Graph databases have become ubiquitous over the years due to their incredible representational and querying capabilities, when it comes to highly interconnected data. Wherever data has an inherent networked structure, graph databases fare better at storing and querying that data than other NoSQL databases as well as relational databases, because they naturally persist the underlying connected structure. This allows for traversal semantics in declarative graph query languages, and also, better performance than SQL - especially for deep traversals. Additionally, they often help unravel emergent network topologies in legacy data, that had not previously been mined for such structures. At the very least, they make the process a lot less tedious.
In addition to reaping the benefits of living in graph databases, many real world applications also stand to take advantage of network evolution models, i.e. a record of changes to a network over time; for example, analyzing railway track utilization efficiency as a function of signal array timing, or the simulation of nucleotide concentration changes over time in a nuclear fission reactor. However, in most of the prominent mainstream graph databases that are freely available at the time of this writing, I have not come across any that offer some sort of built-in revision tracking (meaning older versions of data are retained for future retrieval).
Particularly for graph databases, the concept of revisions applies not only to individual nodes and edges, but also to the structure of the graph as a whole, i.e. it should be relatively easy to store and retrieve not only individual document (node/edge) histories, but also the structural history of the graph or a portion of it. This is a key difference between a hypothetical versioned or historical graph database and a general purpose event store, which is usually tuned for the former but not the latter.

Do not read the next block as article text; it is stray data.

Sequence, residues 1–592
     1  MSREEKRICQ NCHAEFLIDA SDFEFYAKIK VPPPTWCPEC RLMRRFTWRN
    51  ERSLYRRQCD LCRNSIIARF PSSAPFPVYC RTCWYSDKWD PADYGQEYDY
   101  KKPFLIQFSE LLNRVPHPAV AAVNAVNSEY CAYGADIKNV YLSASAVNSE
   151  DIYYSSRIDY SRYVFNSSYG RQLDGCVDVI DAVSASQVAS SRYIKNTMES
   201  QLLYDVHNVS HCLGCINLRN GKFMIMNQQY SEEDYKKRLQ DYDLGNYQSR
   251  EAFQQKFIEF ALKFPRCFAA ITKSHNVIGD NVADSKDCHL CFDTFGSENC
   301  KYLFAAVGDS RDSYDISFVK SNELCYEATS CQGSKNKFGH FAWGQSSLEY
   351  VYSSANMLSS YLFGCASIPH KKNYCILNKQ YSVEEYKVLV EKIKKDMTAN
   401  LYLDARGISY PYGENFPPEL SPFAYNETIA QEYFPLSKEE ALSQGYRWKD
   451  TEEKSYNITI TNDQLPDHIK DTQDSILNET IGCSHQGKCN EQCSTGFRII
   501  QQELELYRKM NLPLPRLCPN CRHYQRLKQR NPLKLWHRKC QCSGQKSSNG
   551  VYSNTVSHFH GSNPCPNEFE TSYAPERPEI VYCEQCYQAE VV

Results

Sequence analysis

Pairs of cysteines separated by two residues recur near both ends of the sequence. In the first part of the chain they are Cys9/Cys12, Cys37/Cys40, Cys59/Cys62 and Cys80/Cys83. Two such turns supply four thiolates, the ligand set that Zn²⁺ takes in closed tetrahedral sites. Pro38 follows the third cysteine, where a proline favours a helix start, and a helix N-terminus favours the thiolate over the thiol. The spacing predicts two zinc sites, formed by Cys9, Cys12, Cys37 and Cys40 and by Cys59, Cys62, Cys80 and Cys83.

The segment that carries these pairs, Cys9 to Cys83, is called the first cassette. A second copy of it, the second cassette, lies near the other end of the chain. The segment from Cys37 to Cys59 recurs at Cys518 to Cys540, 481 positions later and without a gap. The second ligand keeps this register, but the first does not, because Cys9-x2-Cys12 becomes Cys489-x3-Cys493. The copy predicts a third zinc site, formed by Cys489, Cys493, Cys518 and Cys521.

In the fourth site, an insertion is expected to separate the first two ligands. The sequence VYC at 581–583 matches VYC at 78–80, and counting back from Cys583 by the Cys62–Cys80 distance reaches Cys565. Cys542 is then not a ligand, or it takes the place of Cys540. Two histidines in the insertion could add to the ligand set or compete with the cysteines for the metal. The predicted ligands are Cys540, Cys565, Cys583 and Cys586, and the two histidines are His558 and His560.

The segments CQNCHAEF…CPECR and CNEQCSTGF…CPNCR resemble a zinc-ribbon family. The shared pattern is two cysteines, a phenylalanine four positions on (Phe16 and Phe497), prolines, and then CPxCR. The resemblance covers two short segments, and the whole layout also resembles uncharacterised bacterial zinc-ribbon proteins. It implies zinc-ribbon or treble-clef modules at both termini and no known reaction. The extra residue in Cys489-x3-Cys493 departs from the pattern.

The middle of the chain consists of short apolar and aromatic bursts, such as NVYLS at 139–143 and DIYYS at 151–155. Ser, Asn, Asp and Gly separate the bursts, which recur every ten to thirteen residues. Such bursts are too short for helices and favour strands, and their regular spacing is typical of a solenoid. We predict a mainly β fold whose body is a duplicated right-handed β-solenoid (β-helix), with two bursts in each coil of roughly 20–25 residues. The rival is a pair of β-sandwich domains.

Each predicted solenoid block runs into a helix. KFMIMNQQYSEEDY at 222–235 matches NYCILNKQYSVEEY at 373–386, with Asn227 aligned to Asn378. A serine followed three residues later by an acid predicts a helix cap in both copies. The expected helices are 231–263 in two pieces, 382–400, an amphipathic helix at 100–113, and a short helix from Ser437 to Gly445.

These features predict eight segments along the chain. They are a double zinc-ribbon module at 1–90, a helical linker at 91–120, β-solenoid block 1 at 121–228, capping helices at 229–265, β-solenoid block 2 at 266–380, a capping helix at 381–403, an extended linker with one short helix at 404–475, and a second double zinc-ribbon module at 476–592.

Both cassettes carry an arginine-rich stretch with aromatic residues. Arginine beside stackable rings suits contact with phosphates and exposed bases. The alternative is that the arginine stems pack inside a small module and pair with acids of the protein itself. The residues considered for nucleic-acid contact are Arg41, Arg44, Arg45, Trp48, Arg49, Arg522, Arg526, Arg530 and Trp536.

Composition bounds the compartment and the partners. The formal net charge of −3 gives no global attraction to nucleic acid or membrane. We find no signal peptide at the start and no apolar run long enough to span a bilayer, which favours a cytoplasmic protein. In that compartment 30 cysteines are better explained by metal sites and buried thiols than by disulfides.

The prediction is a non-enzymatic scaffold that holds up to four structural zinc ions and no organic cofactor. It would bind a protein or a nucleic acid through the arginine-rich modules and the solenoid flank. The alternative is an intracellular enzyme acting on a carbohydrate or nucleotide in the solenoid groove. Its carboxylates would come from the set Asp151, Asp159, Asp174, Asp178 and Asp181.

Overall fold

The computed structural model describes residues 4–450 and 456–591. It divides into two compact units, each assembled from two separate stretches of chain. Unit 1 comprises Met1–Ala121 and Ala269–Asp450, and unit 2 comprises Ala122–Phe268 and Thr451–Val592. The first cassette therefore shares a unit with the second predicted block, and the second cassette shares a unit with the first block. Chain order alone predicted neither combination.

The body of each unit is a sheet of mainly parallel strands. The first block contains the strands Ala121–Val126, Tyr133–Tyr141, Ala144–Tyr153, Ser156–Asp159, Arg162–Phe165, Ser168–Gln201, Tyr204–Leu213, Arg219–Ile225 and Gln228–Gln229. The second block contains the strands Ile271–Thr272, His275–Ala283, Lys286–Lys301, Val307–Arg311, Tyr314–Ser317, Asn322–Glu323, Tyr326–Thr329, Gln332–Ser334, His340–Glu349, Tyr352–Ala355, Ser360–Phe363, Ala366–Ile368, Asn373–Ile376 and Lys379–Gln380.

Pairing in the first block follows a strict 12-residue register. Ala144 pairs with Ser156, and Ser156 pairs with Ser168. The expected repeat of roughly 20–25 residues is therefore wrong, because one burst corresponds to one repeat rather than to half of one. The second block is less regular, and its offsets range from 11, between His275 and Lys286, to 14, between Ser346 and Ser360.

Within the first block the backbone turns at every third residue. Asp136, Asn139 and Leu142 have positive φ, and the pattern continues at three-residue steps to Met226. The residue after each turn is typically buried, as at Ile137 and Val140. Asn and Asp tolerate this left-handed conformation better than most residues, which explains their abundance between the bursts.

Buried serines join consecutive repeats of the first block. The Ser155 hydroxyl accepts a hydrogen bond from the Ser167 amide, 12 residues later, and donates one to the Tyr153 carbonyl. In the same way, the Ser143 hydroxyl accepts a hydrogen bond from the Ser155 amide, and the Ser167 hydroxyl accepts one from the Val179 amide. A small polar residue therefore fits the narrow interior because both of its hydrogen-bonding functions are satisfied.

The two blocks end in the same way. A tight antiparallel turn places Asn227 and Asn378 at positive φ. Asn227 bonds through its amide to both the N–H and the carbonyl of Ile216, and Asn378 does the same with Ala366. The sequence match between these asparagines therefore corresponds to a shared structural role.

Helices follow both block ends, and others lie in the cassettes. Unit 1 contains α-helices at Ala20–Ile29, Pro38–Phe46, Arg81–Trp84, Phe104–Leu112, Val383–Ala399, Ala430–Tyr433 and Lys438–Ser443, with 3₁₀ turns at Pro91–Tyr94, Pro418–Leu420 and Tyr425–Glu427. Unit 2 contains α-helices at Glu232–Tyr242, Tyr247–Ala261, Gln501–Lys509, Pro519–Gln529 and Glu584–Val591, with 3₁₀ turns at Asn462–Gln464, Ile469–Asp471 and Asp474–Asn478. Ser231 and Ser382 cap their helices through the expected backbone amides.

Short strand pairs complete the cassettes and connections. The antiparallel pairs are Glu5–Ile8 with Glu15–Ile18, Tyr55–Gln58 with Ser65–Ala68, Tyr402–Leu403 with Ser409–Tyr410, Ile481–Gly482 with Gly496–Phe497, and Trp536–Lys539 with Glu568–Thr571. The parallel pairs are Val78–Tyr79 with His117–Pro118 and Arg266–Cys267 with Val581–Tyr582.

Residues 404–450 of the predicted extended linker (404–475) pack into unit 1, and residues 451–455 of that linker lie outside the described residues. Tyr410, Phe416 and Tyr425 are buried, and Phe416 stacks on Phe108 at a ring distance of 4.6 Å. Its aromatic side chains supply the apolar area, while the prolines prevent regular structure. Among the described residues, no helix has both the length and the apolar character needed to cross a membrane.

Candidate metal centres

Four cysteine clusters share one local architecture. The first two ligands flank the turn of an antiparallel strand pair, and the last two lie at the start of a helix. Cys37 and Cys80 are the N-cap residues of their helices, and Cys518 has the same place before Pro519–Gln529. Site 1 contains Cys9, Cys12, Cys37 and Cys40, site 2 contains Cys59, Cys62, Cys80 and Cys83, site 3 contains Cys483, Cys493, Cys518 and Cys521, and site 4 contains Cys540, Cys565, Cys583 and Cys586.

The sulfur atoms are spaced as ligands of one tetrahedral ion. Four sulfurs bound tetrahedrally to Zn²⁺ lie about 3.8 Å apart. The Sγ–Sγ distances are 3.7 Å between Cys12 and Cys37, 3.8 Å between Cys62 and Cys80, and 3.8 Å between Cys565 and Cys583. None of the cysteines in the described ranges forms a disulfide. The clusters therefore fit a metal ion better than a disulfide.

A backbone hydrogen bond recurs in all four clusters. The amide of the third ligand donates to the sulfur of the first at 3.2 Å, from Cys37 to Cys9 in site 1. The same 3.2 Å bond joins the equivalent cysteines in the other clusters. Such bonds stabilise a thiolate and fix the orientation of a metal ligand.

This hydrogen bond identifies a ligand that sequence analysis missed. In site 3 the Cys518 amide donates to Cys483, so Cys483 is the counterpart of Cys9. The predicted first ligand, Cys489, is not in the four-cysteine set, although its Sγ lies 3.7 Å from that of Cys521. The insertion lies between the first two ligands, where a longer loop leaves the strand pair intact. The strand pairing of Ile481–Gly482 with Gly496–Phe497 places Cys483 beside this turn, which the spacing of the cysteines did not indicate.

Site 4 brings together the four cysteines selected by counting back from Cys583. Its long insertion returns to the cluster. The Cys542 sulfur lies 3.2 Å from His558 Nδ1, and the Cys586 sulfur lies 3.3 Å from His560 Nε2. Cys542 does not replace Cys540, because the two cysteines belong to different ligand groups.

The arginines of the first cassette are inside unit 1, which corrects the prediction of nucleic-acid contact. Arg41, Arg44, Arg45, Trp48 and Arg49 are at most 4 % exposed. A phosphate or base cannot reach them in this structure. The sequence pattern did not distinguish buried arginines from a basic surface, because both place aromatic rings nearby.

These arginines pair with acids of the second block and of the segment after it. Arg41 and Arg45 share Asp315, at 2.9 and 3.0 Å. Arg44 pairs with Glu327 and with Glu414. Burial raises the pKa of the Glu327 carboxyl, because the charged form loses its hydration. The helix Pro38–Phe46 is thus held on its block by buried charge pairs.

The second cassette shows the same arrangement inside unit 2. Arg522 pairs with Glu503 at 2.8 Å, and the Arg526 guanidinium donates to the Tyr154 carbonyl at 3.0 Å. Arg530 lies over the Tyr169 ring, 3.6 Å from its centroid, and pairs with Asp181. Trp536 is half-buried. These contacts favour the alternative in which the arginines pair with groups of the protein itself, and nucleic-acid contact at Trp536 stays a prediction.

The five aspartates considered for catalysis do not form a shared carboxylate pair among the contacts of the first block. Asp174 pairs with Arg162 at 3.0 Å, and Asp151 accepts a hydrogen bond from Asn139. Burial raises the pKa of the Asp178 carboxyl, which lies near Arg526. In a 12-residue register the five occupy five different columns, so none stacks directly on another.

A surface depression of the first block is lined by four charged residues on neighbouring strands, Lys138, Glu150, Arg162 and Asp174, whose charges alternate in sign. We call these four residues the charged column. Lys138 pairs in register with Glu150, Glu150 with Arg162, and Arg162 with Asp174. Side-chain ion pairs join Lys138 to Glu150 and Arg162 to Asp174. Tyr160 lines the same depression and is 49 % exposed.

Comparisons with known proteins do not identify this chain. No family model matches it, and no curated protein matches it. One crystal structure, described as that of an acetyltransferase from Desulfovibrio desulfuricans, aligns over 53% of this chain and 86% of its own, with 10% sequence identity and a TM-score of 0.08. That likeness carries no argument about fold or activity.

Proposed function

There is a need for a practical, historical graph database that has the following minimal set of characteristics:
A mechanism for efficiently recording individual document (node/edge) writes (creates/updates/deletes) in such a way that they can be rewound and replayed.
An internal storage architecture that not only maintains the current structure of the graph, but also allows for a quick rebuild and retrieval of its structure at any point of time in the past. This could, optionally, be optimized to retrieve recent structures faster than older ones.
An efficient query engine that can traverse current/past graph structures to retrieve sub-graphs or k-hop neighborhoods of specified nodes. In case of historical traversals, this should be optimized to rebuild only the relevant portions of the graph, where feasible.
ArangoDB is a free and open-source native multi-model database system developed by ArangoDB GmbH. The database system supports three data models (key/value, documents, graphs) with one database core and a unified query language AQL (ArangoDB Query Language). The query language is declarative and allows the combination of different data access patterns in a single query. ArangoDB is a NoSQL database system but AQL is similar in many ways to SQL.
ArangoDB has been referred to as a universal database but its creators refer to it as a "native multi-model" database to indicate that it was designed specifically to allow key/value, document, and graph data to be stored together and queried with a common language.
There is a general consensus in the computing and scientific research community for the need of a historical graph database. A database that records entity write operations (creates/updates/deletes) as a series of deltas wrapped in events. Each delta is the difference between the contents of the updated entity and its previous version. It is part of an event payload, where the event represents the particular write operation (create/update/delete) that occurred. Thus, deltas encode the entire write history of the entity. RecallGraph was developed to fulfill this.
Transaction time is the record of the actual time in the real world when a fact was recorded in the database. This is often auto-filled by the database itself, using its system clock.
Valid time is a marker of the time of a real-world or business context-specific event, of which a database record is a representation. The time of occurrence of the actual event may be different from the time when it was recorded in the DB. This necessitates the existence of valid time as being separate and independent from transaction time, in order to distinguish between the two timestamps.